A family is an image of this trinitarian love. Husband and wife love each other, but that love does not stay merely between them. In time, it produces another person—a child—who subsequently is also loved and loves in turn.

My wife and I have been blessed to experience this. We had fallen deeply in love, and lived for several happy months as husband and wife. We couldn’t have imagined a third person, who it seemed could only come between us. But something about our relationship, something even greater than that first giddy love, came to be with the birth of our son. There is the special love I have for him. But that love isn’t just a love for another person. It’s a love that’s tied into my love for my wife. He looks like his father. He laughs like his mother. In many ways, he’s a physical manifestation of the relationship between us. When I love him, I love his mother. And when she loves him, she loves me.

This is marriage as the image of God, which is the image of the Trinity. The love between two spouses shows us the depths of love between each individual Person: the Father and the Son, the Father and the Holy Spirit, and the Holy Spirit and the Son. And the love of the whole family shows how this intense love is unable to remain merely between two Persons, but branches out into a trinitarian community.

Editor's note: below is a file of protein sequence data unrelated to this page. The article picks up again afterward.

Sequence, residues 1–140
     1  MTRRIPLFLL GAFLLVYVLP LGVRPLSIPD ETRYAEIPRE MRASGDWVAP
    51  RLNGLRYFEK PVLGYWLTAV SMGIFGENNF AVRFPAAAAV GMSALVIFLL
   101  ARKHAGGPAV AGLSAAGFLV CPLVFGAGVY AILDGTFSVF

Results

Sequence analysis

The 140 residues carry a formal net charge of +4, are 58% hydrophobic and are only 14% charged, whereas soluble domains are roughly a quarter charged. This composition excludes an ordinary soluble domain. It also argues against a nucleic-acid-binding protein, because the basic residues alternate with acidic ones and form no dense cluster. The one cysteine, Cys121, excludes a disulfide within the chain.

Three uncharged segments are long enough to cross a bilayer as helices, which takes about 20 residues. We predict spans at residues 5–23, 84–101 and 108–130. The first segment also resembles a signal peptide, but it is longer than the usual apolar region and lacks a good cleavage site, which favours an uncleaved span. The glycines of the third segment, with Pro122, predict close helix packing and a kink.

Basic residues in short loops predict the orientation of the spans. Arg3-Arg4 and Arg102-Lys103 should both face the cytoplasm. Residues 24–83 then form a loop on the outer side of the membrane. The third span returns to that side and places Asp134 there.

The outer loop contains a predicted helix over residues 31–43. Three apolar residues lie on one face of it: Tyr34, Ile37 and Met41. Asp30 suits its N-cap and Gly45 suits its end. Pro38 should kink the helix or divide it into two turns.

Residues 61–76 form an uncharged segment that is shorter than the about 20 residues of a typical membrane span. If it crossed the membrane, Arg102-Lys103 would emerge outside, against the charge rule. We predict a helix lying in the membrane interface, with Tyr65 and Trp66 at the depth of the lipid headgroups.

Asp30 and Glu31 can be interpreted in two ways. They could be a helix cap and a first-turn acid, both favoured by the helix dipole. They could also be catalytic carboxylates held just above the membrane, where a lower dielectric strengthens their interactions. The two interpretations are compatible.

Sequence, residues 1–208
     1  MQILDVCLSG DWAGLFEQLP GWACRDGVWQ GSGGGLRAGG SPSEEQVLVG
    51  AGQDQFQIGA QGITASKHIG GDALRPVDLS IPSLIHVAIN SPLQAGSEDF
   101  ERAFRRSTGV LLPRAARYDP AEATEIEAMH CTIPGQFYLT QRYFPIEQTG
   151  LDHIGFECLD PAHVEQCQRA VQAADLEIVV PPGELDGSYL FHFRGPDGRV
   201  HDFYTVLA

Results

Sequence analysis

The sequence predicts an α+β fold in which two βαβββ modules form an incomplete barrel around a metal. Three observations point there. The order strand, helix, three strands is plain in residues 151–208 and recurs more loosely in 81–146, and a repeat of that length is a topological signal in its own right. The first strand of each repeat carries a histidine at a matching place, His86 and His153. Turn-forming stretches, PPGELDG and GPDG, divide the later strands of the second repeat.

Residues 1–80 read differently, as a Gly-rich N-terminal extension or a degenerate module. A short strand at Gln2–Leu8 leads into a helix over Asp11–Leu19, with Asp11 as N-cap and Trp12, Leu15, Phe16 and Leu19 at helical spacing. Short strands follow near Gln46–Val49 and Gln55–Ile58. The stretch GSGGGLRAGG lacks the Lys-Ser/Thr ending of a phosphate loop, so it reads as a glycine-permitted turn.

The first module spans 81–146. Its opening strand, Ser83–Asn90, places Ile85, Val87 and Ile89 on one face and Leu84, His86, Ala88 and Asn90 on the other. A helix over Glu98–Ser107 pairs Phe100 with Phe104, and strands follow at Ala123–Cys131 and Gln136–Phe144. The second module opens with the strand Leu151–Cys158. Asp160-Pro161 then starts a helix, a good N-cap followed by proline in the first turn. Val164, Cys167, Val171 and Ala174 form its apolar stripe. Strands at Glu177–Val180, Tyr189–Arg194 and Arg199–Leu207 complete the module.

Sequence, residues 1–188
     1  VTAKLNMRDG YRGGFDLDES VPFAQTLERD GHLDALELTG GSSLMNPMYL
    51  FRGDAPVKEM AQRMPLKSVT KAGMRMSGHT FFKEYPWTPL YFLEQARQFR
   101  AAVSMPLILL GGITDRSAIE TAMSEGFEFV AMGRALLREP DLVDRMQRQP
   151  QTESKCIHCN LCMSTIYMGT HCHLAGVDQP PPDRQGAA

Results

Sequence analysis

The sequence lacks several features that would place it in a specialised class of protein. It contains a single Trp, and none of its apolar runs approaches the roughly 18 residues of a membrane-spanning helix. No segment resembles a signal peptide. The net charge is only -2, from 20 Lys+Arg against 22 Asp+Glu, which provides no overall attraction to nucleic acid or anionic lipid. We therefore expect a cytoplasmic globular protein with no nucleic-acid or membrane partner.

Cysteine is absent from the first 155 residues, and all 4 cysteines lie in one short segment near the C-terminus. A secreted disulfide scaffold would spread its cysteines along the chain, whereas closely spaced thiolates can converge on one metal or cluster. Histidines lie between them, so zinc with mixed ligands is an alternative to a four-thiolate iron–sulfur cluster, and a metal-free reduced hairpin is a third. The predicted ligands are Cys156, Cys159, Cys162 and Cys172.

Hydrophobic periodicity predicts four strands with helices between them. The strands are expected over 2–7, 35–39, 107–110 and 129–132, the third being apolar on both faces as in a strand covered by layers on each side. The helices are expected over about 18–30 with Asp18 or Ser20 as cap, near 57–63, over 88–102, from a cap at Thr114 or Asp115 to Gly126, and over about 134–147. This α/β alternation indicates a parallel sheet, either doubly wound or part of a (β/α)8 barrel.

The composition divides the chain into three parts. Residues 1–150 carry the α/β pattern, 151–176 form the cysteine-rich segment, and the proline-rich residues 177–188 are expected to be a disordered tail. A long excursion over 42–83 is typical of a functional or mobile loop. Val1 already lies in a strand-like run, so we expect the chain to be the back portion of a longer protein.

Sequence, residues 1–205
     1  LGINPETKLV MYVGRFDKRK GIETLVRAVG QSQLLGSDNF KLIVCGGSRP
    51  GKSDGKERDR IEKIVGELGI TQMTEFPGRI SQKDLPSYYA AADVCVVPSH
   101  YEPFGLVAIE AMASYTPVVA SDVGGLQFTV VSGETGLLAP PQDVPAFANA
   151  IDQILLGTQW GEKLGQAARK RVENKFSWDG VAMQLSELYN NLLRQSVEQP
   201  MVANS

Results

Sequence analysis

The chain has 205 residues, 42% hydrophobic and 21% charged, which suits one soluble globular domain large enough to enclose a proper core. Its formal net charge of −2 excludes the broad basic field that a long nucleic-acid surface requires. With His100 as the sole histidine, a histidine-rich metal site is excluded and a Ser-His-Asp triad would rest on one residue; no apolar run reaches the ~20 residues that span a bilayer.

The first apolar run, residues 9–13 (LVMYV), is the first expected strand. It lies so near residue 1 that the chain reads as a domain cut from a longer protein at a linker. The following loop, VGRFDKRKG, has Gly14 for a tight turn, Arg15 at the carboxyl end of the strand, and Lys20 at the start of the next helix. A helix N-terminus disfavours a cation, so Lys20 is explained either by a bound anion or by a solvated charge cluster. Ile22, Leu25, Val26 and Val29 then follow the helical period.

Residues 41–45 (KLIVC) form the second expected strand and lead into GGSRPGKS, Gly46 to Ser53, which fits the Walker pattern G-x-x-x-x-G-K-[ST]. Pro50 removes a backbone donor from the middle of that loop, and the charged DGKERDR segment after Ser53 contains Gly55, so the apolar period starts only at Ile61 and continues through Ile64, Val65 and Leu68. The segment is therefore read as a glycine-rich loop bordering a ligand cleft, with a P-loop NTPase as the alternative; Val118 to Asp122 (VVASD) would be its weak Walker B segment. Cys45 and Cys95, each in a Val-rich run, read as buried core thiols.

Of course, marriage, and the family it begets, is an image of God. For finite creatures, the image works in ways that the literal, infinite Trinity does not. There can be multiple children, each one a unique manifestation of the spouses’ love. For those struggling with infertility, there can be no children, but the love of the spouses is still real, still made concrete in the family life between husband and wife, just in a less visible way. In all cases, it is the possibility of children that is more important than the number. The kind of love is the same—the kind of love that is open to the birth of a new person. In the infinite Godhead, this love eternally gives three infinite persons. In finite marriages, that love may or may not produce any number of finite persons.

Yet in both cases, love is an image of the other. That priest was right that marriage is a special symbol for God’s love. It’s an image of the Trinity, revealing to us something important about who God is and how he loves us. That connection should fill us with joy at weddings, like my friend’s recent ceremony—and at godly marriages everywhere.